Sipho Mabena
Premium Journalist
2 minute read
29 Apr 2019
6:20 am

Kumba digs deeper to save lives

Sipho Mabena

Fatalities do not have to be an inevitable by-product of mining.

Kumba uses drone technology among other approaches to improving safety.

Three years ago, Kumba Iron Ore CEO Themba Mkhwanazi laid down a “sacred covenant code”, declaring that not a single person would lose their life by accident or mine-related illness while working in the mine.

It was an ambitious pledge, considering the scope of Kumba’s operations: Sishen mine, near the town of Kathu in the Northern Cape, and one of the largest open-pit mines in the world; and Kolomela mine, near Postmasburg in the Northern Cape, which employ 3,800 miners.

Yesterday, on World Day for Safety and Health at Work, Kumba showcased its innovative ways of curbing deaths. It started by challenging managers to change their mindset on safety and understand that whatever happens on their watch is a reflection of their leadership.

Entrenching a company-wide culture of zero harm, elimination of fatalities programme and a holistic approach to health has worked for Kumba, with zero fatalities since May 2016.

It has also seen a 67% drop in serious incidents and injuries at its Sishen, Kolomela and Saldanha Port operations.

“Fatalities do not have to be an inevitable byproduct of mining. If we can work one day with zero harm, we can do two, four, 100 and more. We know what the fatal risks are, and we need to manage them properly,” says Philip Fourie, head of safety and health at Kumba.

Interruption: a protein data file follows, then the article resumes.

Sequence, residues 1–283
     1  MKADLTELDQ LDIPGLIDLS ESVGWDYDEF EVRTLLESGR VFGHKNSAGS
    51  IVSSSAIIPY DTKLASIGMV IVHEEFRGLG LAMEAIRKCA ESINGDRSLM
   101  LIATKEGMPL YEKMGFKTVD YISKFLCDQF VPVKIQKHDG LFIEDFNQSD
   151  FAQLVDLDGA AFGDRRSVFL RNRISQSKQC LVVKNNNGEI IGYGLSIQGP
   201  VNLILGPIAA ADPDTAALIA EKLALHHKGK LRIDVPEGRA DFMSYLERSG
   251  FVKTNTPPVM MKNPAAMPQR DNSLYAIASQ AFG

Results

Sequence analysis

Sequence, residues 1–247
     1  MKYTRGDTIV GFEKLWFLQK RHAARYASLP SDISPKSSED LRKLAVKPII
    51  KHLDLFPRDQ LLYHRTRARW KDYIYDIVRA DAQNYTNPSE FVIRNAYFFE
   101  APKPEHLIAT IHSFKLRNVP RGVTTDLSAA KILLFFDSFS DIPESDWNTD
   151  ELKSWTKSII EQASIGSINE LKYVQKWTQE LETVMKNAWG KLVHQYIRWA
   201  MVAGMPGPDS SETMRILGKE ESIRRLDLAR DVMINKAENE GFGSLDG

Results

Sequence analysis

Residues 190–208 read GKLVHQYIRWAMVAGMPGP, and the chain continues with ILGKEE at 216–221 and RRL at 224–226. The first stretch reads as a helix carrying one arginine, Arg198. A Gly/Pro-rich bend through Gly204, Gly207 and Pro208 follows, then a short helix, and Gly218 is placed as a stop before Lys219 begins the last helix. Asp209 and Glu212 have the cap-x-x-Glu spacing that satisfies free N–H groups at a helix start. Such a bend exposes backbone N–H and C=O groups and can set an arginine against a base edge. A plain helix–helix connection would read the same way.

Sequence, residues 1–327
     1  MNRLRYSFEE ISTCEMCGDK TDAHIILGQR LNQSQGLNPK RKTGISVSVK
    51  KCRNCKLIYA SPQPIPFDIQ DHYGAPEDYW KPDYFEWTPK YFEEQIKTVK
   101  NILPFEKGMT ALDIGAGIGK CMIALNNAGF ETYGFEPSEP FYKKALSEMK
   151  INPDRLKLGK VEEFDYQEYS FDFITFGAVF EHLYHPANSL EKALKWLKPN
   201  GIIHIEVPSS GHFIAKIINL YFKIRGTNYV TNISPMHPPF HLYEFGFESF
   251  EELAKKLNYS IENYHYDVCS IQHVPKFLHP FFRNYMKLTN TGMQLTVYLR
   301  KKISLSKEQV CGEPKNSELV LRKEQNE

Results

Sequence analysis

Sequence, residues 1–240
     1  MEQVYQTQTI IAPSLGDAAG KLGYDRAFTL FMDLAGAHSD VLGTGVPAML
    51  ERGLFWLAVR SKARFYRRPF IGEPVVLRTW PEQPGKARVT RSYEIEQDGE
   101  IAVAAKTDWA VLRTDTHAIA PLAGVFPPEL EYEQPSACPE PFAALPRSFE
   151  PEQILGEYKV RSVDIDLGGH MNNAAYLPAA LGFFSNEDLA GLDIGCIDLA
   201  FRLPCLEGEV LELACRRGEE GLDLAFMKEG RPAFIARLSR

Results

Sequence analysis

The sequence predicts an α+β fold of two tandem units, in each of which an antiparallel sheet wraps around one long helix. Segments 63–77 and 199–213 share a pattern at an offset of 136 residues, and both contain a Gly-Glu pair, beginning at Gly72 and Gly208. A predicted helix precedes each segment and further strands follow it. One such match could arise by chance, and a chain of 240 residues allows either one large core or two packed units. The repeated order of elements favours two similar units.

Safety results now form part of employee key performance indicators, and as such, affect their bonuses.

“We all play a role in preventing accidents so we set out sacred covenant rules and if you break them, you lose your job. Preserving the lives of our employees is key for us,” says Fourie.

Kumba has introduced new technologies to reduce exposure to work hazards, such auto-braking trucks to prevent collisions, auto-drilling that allows drill operators to work in air-conditioned cabins away from dust and bulldozers that can be operated remotely in risky conditions.

The company uses drone technology, reducing the need for employees to do physical blast clearances and separation of vehicles and humans to minimise contact.

The company also uses state-of-the-art fatigue management systems to predict fatigue risk and monitor employee fatigue in real time. Supervisors can then take immediate action and send employees to the mine’s fatigue centre for evaluation and a break.


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